It was then I invented the N.E.P. (New Eating Program). We were studying Lenin in World History, and the New Economic Program was in my head. It took me one and a half years to reach a target weight (TW). I have weighed 130 lbs for a year and a half (my preferred weight (PW) is 128 lbs.) and I have decided that the N.E.P. really does work. Here it is:

1. Eat only three meals a day and take only ONE reasonable portion of food at each. Never eat until full; always stop still wanting more.
2. Never eat desserts.
3. Never eat snacks: no ice cream, no candy, no cookies, no donuts, no sugared pop, no fruit juice – nothing eaten solely to please the taste buds.
4. Take nutritional supplements. I take the following: a daily multi-vitamin, (Centrum Silver – I am an old man), a vitamin E capsule, 4000 milligrams of fish oil (four pills a day), one baby aspirin, 10 mg of Crestor, and 500 mg of Niaspan Er. (These prescription medications were prescribed by my doctor). I also take one red wine extract gell-cap (Resveratra) every day, and for my brain, I eat 22.5 grams of Ghirardelli’s intense dark 86% Cacao chocolate every Thursday at lunch.
5. Do moderate exercise. I do 200 pushups, 100 in the morning – 100 each afternoon, and 25 pull-ups each night. (I did not start out at these levels.) I also walk for at least 20 minuets every day.
6. Drink a liter of water a day.
7. Satisfy cravings with diet soda or calorie free flavored water.
8. Weigh every day. At first I weighed myself three times a week; this was a better way to see declines in weight. Now that I am in “holding” mode, I weigh myself every morning just before my shower. It is my goal to always be below 130 lbs.
9. Write goals down – I place my 130 lb goal in my New Year’s Resolution list in my journal every year. That pledge is always there to motivate my efforts.
10. Eat something you like every day. I eat a two cup bowl of Post Selects Great Grains, Raisin, Dates, and Pecans every morning.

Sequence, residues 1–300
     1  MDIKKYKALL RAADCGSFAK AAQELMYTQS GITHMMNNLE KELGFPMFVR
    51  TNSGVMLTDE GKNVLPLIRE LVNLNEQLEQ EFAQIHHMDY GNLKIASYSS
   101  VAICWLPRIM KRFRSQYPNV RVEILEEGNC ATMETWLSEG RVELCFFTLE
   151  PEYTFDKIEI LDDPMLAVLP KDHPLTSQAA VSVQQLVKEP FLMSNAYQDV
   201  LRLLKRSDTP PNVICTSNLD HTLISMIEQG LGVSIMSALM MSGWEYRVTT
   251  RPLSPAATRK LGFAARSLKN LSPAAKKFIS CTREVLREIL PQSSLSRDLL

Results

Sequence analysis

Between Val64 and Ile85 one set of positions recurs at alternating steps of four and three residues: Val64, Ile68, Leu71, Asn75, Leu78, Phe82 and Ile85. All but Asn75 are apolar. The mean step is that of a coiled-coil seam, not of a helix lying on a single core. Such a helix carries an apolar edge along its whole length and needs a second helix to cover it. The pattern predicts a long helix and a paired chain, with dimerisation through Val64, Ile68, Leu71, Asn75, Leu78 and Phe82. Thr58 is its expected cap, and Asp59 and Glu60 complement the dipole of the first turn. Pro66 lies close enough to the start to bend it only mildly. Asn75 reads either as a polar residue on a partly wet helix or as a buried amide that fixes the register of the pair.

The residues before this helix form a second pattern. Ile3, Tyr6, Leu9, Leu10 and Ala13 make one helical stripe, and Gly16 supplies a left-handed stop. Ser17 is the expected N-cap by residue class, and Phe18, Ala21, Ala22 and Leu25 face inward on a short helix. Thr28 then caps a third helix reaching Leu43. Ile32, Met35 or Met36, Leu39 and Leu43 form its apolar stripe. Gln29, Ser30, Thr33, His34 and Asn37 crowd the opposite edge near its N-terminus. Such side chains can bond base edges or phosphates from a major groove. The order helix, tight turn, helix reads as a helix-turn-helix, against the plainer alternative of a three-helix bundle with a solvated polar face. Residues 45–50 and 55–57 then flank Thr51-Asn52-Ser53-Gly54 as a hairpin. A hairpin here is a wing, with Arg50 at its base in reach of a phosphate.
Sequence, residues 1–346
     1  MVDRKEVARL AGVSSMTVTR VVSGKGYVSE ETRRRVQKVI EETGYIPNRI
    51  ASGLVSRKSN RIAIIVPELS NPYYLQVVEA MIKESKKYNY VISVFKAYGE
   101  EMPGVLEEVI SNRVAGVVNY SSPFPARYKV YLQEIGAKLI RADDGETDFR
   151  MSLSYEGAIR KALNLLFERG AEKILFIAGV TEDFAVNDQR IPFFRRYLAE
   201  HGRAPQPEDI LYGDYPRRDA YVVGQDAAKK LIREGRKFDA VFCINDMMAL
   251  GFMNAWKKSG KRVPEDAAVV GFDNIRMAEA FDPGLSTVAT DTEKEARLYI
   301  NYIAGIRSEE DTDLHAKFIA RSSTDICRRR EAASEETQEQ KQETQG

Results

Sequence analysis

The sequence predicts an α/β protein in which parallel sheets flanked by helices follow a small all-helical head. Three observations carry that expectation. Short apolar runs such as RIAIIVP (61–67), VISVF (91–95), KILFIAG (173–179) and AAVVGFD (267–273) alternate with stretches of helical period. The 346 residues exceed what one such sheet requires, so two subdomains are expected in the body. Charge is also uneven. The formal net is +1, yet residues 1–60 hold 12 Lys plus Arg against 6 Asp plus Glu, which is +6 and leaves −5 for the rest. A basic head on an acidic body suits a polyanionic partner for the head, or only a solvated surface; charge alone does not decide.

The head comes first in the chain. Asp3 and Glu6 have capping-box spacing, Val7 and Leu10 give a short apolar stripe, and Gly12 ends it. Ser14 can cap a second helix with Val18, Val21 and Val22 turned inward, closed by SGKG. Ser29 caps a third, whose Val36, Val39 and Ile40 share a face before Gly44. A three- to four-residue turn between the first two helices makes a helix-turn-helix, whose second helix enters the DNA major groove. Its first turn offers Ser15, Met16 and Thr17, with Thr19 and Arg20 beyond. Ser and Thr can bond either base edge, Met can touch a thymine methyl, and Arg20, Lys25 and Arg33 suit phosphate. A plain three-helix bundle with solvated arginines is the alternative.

By strict observance of this plan, I lost 75 lbs in just over a year. I started the NEP at Camp the summer of 2007 and by the end of camp 2008, I weighed 130 lbs or less. I had lost far more weight than I originally planned. I must admit that at first I didn’t know what weight was right for me. I just started losing weight and was surprised, and pleased at how much I did. Getting to and maintaining this weight for almost two years now was not easy; it is not easy. My experience has been that nothing of real value comes easy. There are advantages:

1. I feel better. I am free of the burden of carrying 75 pounds everywhere. I used to get winded walking to the campfire bowl at Loll. Now, I’m not concerned at walking any distance or climbing any hill. In the fall of 2008, our family took a trip to Zion’s National Park; I climbed to the top of Angle's Landing and didn’t even get my heart pounding –except from the fear of falling.
2. I enjoy my food a lot more. Before the N.E.P., I was full all the time, eating out of boredom or habit. Now, I have a sharp edged appetite and enjoy eating more.
3. I save money. There was a time when a trip anywhere necessitated a stop at the gas station; costing a $3+ treat expense –pop, cookies, and such. I no longer consume much expensive meat, cheese, or ice cream. There is a Diet Mountain Dew charge – but it is small by comparison.
4. I’m not ashamed to look in the mirror or see pictures of myself.
5. I have much more confidence. I may not be handsome, but at least I’m not fat.
6. My cholesterol is normal, my blood pressure excellent.
7. I (knock on wood) never get sick.
8. My clothes fit. I had to get a new wardrobe, new pants, belt, shirts, underwear, even sweaters. I bagged up all my old cloths and took them back to DI. The clothes I wear feel comfortable, never tight, never stretched.


1. People ask me and especially ask my wife, if I am dying of cancer.
2. There has been a rumor going around the scout council for two years that I was dying and that “this” will be my last year at Loll.